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View from HR: A workplace that is run by the legal mandates is hard on everyone

We answer about 9,000 employer phone calls each year on all manner of workplace issues and problems. Most employers seek to understand their options, then to do the right thing in a cost-effective way.

But we do get calls where they just want to know: “What are we required to do?” You can almost feel the boss standing over the caller’s shoulder to be sure and get the bottom-line answer.

Most of the time, employers who ask these “have to” questions fear employees will take advantage of more generous policies. True, a small percentage of employees are policy cheaters, exaggerators and abusers of any weakness they can spot. But what about the vast majority?

Gaps in the law

A workplace that is run by the legal mandates is hard on everyone. It would be like expecting a chicken dinner and receiving a vacuum-packed military MRE. It is poultry and it is safe … it is the minimum … but no one will enjoy the meal!

As an example, we start getting calls about inclement weather rules in December. Do we have to pay people if we close, or if they cannot get to work, or if they are just afraid to drive, or if they work from home? Can we force people to come to work? Can we discipline people who miss work?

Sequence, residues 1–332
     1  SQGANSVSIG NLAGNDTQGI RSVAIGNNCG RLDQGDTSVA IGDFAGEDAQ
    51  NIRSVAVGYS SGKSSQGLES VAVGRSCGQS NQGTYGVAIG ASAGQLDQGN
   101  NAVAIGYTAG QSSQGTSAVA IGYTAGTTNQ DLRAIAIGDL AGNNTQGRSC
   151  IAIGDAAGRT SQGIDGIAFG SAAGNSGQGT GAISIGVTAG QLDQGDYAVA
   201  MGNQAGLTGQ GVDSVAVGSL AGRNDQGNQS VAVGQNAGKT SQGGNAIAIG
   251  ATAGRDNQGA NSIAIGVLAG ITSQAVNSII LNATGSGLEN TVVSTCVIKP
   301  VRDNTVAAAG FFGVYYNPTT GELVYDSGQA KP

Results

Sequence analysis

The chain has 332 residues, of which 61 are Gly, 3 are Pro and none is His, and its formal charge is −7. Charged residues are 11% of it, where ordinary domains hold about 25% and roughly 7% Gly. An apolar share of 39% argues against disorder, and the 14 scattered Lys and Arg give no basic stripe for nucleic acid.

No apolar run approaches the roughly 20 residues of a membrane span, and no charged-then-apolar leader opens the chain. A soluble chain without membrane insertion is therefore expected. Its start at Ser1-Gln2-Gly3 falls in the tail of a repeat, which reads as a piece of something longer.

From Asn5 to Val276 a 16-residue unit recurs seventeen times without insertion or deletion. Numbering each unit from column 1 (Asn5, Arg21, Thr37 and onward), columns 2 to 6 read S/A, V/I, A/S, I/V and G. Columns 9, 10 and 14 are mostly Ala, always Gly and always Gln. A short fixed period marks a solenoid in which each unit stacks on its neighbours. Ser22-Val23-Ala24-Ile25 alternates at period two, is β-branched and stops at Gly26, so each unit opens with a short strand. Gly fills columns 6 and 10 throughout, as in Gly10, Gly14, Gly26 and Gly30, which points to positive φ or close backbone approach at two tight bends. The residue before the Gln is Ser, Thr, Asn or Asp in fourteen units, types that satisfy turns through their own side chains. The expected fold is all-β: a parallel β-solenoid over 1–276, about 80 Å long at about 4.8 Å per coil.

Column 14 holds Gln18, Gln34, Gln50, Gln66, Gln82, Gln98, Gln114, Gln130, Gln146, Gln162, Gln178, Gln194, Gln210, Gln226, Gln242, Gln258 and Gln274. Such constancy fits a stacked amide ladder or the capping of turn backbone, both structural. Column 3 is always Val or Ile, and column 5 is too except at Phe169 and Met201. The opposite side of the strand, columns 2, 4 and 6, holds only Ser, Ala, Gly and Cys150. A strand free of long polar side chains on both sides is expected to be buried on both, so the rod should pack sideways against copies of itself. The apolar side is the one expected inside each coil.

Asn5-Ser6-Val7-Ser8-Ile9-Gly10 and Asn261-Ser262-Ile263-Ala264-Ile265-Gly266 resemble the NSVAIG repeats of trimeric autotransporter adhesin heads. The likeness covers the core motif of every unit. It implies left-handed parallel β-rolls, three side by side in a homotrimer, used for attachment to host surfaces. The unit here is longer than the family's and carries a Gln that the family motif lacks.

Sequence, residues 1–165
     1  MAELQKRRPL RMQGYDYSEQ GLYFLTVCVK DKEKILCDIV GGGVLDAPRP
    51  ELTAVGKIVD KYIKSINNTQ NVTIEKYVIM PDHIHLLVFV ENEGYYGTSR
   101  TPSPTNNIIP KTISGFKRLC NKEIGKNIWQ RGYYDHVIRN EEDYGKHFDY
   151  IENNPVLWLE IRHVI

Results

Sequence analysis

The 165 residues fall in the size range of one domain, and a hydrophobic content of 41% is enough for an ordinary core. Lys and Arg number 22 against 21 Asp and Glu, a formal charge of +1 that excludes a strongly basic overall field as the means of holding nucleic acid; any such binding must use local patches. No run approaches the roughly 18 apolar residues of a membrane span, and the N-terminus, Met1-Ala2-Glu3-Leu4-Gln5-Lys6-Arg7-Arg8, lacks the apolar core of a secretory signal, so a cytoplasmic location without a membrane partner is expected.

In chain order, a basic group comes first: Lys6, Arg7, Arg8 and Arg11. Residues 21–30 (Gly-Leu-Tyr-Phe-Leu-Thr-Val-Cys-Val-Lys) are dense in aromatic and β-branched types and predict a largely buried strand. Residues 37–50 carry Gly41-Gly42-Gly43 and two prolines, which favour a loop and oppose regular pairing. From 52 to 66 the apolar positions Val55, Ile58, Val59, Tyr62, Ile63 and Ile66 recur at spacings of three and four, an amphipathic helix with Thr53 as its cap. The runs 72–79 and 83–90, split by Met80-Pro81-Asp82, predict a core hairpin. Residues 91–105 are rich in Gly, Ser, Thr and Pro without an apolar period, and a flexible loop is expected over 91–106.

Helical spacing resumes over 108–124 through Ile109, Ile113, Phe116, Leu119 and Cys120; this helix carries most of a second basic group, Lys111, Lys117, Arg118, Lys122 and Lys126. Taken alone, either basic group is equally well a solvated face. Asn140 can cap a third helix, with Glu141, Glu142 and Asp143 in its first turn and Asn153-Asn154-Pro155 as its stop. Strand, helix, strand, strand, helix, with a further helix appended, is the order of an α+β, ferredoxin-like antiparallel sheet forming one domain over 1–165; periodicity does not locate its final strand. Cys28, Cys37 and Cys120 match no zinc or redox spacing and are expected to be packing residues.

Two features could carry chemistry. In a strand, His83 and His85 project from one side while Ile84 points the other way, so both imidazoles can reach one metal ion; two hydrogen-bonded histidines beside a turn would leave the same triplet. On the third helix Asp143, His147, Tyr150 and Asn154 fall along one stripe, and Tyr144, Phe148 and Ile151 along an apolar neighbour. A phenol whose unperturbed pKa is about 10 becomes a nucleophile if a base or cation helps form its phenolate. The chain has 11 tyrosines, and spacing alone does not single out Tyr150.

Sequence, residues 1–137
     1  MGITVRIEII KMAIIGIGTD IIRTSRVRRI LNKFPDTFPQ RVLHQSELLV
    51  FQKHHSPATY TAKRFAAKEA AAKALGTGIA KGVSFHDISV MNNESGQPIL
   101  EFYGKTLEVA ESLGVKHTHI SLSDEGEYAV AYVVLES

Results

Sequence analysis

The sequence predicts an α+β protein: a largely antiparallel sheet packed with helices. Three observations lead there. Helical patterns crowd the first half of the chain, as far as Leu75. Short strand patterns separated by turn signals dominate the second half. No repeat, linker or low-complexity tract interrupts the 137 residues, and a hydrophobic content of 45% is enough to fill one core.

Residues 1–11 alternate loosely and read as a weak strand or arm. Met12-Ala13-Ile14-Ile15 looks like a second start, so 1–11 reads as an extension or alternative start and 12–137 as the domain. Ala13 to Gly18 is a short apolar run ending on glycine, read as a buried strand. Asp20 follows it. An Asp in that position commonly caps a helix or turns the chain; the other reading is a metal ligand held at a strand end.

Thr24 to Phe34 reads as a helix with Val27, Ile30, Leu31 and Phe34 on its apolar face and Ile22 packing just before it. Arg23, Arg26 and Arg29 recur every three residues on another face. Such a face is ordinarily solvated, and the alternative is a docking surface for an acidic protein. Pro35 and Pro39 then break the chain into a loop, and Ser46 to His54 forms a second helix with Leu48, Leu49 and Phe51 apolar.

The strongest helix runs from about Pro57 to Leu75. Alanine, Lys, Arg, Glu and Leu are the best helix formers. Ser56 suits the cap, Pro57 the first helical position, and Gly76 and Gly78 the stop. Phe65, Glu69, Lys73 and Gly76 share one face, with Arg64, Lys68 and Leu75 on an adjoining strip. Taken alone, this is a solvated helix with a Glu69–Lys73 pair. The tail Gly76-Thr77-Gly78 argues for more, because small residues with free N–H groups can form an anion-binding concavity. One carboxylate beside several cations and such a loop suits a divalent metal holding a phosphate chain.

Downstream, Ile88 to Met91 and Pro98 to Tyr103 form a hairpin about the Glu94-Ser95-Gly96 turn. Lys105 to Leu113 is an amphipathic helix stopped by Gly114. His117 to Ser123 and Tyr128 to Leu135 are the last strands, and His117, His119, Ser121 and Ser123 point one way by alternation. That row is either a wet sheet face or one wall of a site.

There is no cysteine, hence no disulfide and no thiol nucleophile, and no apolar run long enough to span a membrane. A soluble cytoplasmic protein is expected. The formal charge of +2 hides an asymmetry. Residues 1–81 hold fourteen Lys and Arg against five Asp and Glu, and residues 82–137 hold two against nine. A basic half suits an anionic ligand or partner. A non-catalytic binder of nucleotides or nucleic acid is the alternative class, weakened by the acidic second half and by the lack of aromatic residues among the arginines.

Thankfully, the law does not speak to or mandate everything (yet). Most decisions are left to the employer. No law requires a comfortable chair, coffee in the break room, a pleasant morning greeting, a “thank you” for work well done, competitive pay, on-the-job learning, a good mentor or clear goals.

In the case of inclement weather, there are few legal rules. All employees must be paid for time worked, including any work from home, and all “salaried exempt” employees must be paid if the employer closes. Not much else is prescribed, and, yes, people can be “required” to come to work.

Personal hardships

Sometimes 100 percent attendance is important. No doubt. Still, too many employees in noncritical roles are ill-prepared to drive in deep snow or thin ice, or the risk-reward ratio is way out of whack. Conditions vary all over the region. Family issues vary. Public transportation may be shut down.

There is no single best inclement weather policy. Some employers say, “Do the right thing for your family and safety, do what you can to complete your work, and we will do our part by paying you while you are out.” Might a small number cheat and make snow drinks with their friends? Sure, but might the rest truly appreciate and reward your trust?

If you truly, absolutely, no-excuses must have key employees show up, what is your part in helping that to happen? Company vehicles with chains and four wheel drive? Do you pay enough to mandate access to all-weather transportation?

When we decide to mandate the minimum required labor law standards despite the risk and personal hardship it creates for employees, we cannot expect them to bring their maximum to work.

Bruce Clarke, J.D., is CEO of CAI, helping more than 1,000 North Carolina employers maximize employee engagement and minimize employer liability. For more information, visit